book pass chart 2

Classroom Library Reboot

Yesterday I made some of the final touches in preparing my classroom library for another year of use for my Pre-AP English 2 and creative writing students. I have had a classroom library since my first year of teaching back in 2005 when I taught 7th and 8th grade literature. I still have a few books in my library that my middle school students bought for me at our school’s book fair. I know because I saw the donation sticker when I was sorting. My library was much smaller then, and I have grown it over the years in a number of ways:

  1. buying used books online for pennies (the $3.99 shipping is what costs)
  2. buying books at the Friends of the Library sale for super cheap (maybe your state has something similar)
  3. using Barnes & Noble gift cards to stock my shelves
  4. books gifted to me by students
  5. Scholastic Warehouse sales
  6. spending my hard-earned cash on hardcovers I can’t wait for (titles have recently included Winger by Andrew Smith and We Were Liars by e. lockhart)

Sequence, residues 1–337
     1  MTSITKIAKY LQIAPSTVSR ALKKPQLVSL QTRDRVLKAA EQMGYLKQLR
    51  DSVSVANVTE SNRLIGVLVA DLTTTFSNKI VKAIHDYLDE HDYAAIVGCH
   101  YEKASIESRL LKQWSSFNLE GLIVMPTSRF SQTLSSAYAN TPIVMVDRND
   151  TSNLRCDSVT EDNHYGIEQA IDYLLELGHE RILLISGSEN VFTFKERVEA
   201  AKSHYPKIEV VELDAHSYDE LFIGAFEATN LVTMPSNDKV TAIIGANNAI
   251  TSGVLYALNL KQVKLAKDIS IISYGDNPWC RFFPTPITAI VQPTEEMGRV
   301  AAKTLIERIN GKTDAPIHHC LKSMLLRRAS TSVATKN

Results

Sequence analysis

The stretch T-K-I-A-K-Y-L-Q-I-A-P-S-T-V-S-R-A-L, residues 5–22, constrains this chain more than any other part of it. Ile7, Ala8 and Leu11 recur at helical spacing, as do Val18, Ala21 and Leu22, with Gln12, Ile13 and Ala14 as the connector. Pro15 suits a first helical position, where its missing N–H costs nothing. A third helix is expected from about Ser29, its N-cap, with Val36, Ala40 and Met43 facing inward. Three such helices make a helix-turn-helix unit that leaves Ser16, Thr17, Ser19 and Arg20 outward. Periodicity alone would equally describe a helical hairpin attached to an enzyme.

Back to the revisions that I made to my library. I have my books divided by genres into tubs, which something I saw firsthand in a classroom of my colleague Kari Steele when we taught middle school together. Until this summer I had tubs devoted to Chick Lit, but I decided this was unfair because I discovered I had guy students who enjoyed the occasional romance story. Chick Lit tubs became Romance tubs.

romance

In my efforts to weed my library, I discovered some duplicate titles, but I didn’t want to get rid of all of them. In fact, I thought I would create a tub called “Read with a Friend,” an idea I remembered reading about in this Franki Sibberson article. Now, I realize I teach high school, not elementary, but I think my teens will enjoy this tub. I’ll have to keep you posted on how it goes. If you look at the picture closely, you’ll notice there’s currently only one copy of Sherman Alexie’s The Absolutely True Diary of a Part-Time Indian, but that’s because I have the other copy at home for a presentation next month.